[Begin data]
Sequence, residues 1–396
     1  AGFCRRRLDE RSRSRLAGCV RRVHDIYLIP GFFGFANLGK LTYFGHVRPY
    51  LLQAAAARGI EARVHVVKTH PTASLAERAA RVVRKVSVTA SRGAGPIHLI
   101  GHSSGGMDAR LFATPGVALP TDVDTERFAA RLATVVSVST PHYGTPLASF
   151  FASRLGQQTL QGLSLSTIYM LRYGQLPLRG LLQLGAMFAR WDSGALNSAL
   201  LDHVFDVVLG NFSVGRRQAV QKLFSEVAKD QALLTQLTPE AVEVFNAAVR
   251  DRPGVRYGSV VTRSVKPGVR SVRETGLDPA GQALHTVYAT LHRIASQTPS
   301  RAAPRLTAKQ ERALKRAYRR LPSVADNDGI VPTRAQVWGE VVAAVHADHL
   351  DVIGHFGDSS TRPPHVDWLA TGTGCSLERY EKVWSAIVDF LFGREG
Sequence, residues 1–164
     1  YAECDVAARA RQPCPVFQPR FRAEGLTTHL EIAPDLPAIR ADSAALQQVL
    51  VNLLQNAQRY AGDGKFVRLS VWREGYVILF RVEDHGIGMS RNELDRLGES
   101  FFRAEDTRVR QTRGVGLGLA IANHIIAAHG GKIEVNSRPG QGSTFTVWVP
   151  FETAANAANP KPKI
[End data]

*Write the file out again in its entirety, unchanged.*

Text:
Sequence, residues 1–396
     1  AGFCRRRLDE RSRSRLAGCV RRVHDIYLIP GFFGFANLGK LTYFGHVRPY
    51  LLQAAAARGI EARVHVVKTH PTASLAERAA RVVRKVSVTA SRGAGPIHLI
   101  GHSSGGMDAR LFATPGVALP TDVDTERFAA RLATVVSVST PHYGTPLASF
   151  FASRLGQQTL QGLSLSTIYM LRYGQLPLRG LLQLGAMFAR WDSGALNSAL
   201  LDHVFDVVLG NFSVGRRQAV QKLFSEVAKD QALLTQLTPE AVEVFNAAVR
   251  DRPGVRYGSV VTRSVKPGVR SVRETGLDPA GQALHTVYAT LHRIASQTPS
   301  RAAPRLTAKQ ERALKRAYRR LPSVADNDGI VPTRAQVWGE VVAAVHADHL
   351  DVIGHFGDSS TRPPHVDWLA TGTGCSLERY EKVWSAIVDF LFGREG
Sequence, residues 1–164
     1  YAECDVAARA RQPCPVFQPR FRAEGLTTHL EIAPDLPAIR ADSAALQQVL
    51  VNLLQNAQRY AGDGKFVRLS VWREGYVILF RVEDHGIGMS RNELDRLGES
   101  FFRAEDTRVR QTRGVGLGLA IANHIIAAHG GKIEVNSRPG QGSTFTVWVP
   151  FETAANAANP KPKI